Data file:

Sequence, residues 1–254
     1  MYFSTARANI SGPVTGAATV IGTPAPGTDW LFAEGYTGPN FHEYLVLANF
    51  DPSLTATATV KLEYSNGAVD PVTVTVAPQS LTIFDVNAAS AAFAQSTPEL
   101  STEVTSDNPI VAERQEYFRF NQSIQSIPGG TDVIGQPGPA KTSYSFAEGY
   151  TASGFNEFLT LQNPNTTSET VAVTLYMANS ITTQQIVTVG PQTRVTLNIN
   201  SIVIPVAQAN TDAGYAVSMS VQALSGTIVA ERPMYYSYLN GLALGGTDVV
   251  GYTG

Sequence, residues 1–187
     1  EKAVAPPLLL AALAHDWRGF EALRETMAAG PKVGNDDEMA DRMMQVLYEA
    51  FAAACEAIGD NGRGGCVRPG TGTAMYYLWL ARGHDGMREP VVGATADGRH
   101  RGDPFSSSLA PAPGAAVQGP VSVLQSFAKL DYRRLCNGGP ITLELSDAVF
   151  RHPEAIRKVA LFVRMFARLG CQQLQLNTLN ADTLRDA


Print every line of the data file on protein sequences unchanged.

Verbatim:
Sequence, residues 1–254
     1  MYFSTARANI SGPVTGAATV IGTPAPGTDW LFAEGYTGPN FHEYLVLANF
    51  DPSLTATATV KLEYSNGAVD PVTVTVAPQS LTIFDVNAAS AAFAQSTPEL
   101  STEVTSDNPI VAERQEYFRF NQSIQSIPGG TDVIGQPGPA KTSYSFAEGY
   151  TASGFNEFLT LQNPNTTSET VAVTLYMANS ITTQQIVTVG PQTRVTLNIN
   201  SIVIPVAQAN TDAGYAVSMS VQALSGTIVA ERPMYYSYLN GLALGGTDVV
   251  GYTG

Sequence, residues 1–187
     1  EKAVAPPLLL AALAHDWRGF EALRETMAAG PKVGNDDEMA DRMMQVLYEA
    51  FAAACEAIGD NGRGGCVRPG TGTAMYYLWL ARGHDGMREP VVGATADGRH
   101  RGDPFSSSLA PAPGAAVQGP VSVLQSFAKL DYRRLCNGGP ITLELSDAVF
   151  RHPEAIRKVA LFVRMFARLG CQQLQLNTLN ADTLRDA